Today’s Crazy Idea: Turn 1960′s Metal Into 1930′s Metal.

If you have been following the 1A Auto Nutt’s and Bolts blog, you have no doubt seen the pictures of the 60 Pontiac Ventura rot box that is waiting patiently awaiting some love in my garage.  If you are sick of hearing about it, I’m sorry, but it is weighing on my brain, and I need to get my thoughts straightened out.  So yea, I have spent a lot of time recently trying to figure out what the heck I’m going to do with it.  It definitely doesn’t make sense financially to restore it back to original, because you can easily find clean drivable examples for sale for less money than it would be to restore this (and that doesn’t include my 1000+ hours of my “free” labor.)  That fact has definitely been established.

So my latest wild and crazy idea is to turn it into a 1930′s style hot rod. (Disclosure: Yes, I was somewhat inspired from Gary Campesi’s paintings from the other day.)  Anyway, I would do this by cutting it up and shrinking the body into a 2 seater, almost like a T-bucket but with all the sexy 1960′s body lines.  Then I would drop it on a home made chassis and suspension. I’d probably power it with something more modern like a 4G64, L92, 2JZ, or maybe a KA24DET. No matter which I choose, it would be backed by a manual transmission, because that’s how I roll.  Wrap some giant brakes and big wheels around the whole thing, and I feel like it could be pretty slick.  Other than the injected engine, I would keep everything super simple, no crazy options.  Just simplistic beauty.

Unfortunately I couldn’t find anything similar on the internet (imagine that?), but these four pictures are the closest to the idea itself.  Obviously none are 1960 Pontiac’s, but…. well…. you get the idea…

So what do you think? Stupid? Awesome? or just plain “no”?

Picture Credit:

Willys: http://randyellisdesign.com/photo-gallery/custom-fabrication/willys-hot-rod/

Gary’s amazing art : http://www.hubgarage.com/mygarage/GaryC/vehicles

RPOTD: The Lines of a ’60 Edition

Random Picture Of The Day

While staring at the back of the soda blasted 60 Pontiac Ventura in my garage yesterday I realized just how cool the lines are on the back of it.  If you love bare metal, leave me a comment below.  Who’s with me?

When Doesn’t it Make Sense to Restore a Car?

Once in a while I get a call from a friend that says to me “I have XXX wrong with my car, should I fix it or cut my losses and just get something else?”  This can be a really easy question or a really tough question depending on the car and the problem that is ailing it.  When doing all of your own work, it is much easier to justify fixing a car because you don’t have to pay the labor.  The downfall to this is that it also means you can justify fixing cars that normally should be junked.  Well folks, now I have found myself in this position, and I’m asking the Nutts & Bolts Auto Blog readers for opinions.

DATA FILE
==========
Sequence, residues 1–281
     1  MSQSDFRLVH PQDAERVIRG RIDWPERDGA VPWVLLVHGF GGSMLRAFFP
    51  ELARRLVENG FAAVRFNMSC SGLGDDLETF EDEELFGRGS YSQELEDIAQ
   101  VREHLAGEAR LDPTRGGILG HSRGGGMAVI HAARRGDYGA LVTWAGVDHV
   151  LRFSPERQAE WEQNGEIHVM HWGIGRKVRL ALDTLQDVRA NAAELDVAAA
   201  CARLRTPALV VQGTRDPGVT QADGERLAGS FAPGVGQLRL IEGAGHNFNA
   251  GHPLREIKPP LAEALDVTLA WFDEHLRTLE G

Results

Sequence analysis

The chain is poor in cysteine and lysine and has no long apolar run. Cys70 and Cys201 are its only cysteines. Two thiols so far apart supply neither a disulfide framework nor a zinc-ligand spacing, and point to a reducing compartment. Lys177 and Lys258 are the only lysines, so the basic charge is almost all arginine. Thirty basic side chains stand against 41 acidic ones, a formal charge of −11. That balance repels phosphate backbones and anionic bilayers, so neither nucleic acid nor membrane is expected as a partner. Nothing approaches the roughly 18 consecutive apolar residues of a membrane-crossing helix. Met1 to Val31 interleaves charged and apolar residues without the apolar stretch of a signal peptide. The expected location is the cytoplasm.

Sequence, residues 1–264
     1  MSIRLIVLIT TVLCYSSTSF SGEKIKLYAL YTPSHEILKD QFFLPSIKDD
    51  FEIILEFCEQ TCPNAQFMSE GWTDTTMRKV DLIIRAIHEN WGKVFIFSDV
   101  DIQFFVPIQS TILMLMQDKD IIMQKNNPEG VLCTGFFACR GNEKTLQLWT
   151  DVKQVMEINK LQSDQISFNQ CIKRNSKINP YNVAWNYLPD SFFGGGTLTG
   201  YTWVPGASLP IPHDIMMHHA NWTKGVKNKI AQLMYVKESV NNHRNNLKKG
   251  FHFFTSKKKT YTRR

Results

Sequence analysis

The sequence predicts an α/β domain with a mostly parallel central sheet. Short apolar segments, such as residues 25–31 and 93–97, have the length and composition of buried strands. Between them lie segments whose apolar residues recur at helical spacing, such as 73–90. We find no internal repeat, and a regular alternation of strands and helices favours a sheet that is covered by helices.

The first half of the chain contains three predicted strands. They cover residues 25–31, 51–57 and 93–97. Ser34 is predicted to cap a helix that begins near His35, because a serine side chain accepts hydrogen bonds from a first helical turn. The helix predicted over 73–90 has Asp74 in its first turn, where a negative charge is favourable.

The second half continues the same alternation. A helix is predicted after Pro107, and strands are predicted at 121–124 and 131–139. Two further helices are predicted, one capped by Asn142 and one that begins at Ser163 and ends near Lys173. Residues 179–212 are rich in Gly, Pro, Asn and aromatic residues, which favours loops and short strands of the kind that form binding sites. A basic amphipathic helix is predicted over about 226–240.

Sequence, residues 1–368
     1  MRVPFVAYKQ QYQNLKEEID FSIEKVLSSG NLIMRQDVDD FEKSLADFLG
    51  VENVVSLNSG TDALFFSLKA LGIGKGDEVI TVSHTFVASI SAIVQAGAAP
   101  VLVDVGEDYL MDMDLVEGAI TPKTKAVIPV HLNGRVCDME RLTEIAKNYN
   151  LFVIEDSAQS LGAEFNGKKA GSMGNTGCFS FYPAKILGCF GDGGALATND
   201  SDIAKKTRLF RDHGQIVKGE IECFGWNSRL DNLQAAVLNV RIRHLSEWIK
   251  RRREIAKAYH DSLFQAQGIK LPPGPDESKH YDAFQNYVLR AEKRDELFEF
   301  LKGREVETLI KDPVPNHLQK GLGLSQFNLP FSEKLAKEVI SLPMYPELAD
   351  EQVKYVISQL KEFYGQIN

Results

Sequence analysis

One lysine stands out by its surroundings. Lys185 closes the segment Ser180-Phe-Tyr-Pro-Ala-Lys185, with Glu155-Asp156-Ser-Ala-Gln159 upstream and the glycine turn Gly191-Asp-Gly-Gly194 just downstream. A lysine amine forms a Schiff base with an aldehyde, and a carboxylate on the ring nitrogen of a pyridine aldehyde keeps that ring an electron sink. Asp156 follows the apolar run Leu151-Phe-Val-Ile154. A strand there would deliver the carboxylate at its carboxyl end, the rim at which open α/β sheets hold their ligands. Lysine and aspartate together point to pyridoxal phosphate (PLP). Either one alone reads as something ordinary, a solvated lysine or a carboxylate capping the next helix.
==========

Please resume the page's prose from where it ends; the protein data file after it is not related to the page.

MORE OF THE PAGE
I got a 1960 Pontiac Ventura in trade for some work on a 1964 GTO a couple years ago.  It was a complete car when I got it, and I even got it running again, but it is in rough shape.  It hasn’t been registered since the mid 1980′s, and it has been outside the entire time since, so finding solid portions of the body is not easy.  That being said, I am more ambitious than most, so I pulled the body from the frame, rebuilt the frame and suspension, and set the body back on it temporarily.

Recently, I had a friend (homesteadblast.com) soda blast the entire body of the car for me.  Ugh.  What we found was disheartening.  At the bare minimum, it needs all new floors and floor supports from front to rear, quarter panels, inner and outer rocker panels, a tailpan, lower fenders & doors.  Yeap, basically a new body minus the roof.  All of the glass is broken as well, which is a real financial drag.  To restore this back to original, the replacement sheetmetal alone would be in the multiple thousands of dollars.  Never mind the wiring, plumbing, trim, interior, and little odds and ends.  By the time the car is nice, I bet I would have well over $7500 in materials and several hundred (thousand?) hours of my own labor.  It’s value when done? Probably slightly less than what I have invested.

The 2nd option is throw originality to the wind, and basically “hot rod” the heck out of the car to suite my own bizarre tastes.  This option would be cheaper and faster because I could make my own floor braces out of boxed steel, do some simple bead-rolled floor pans, a basic DIY-style wiring kit, and use junkyard parts for the rest…

The 3rd and final option is to find a more suitable home for the car and just buy something fully drivable instead.

Ugh. I don’t know what to do. Help!

Rocker Panels, Who Needs Them? Not This Guy.

You know how sometimes your eyes are bigger than your stomach when you’re at a restaurant?  Well I have that problem with old rusty junk cars.  I see a car that looks like it was likely deemed unrestorable in the early 1980′s, and I decide I need to save it. UGH.  I then drag it out of a ditch, trailer it’s dead body home and unload it into its final resting place in my yard.  Around this moment is when my brain is released from ambition prison, and I say “oh crap, what have I just done?!“  Before long I am knee deep in sandblasting sand, MIG welding wire and receipts for sheetmetal.  Rather than spending a grand on a solid car from Arizona, I spend 10,000 hours restoring a rot box from the north east.  What the heck is wrong with me?  Do other people make bad decisions like this or am I alone here?